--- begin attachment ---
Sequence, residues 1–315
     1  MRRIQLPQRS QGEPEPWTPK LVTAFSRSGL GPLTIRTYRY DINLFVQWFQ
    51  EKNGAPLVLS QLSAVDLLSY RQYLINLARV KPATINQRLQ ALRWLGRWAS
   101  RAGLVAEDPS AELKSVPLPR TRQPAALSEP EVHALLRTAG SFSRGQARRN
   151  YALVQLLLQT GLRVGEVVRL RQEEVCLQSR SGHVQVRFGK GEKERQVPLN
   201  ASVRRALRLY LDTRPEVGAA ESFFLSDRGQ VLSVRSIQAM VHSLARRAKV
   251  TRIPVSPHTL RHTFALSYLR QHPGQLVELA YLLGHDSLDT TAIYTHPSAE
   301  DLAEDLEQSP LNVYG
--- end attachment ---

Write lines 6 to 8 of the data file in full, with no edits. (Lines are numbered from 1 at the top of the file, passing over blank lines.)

   201  ASVRRALRLY LDTRPEVGAA ESFFLSDRGQ VLSVRSIQAM VHSLARRAKV
   251  TRIPVSPHTL RHTFALSYLR QHPGQLVELA YLLGHDSLDT TAIYTHPSAE
   301  DLAEDLEQSP LNVYG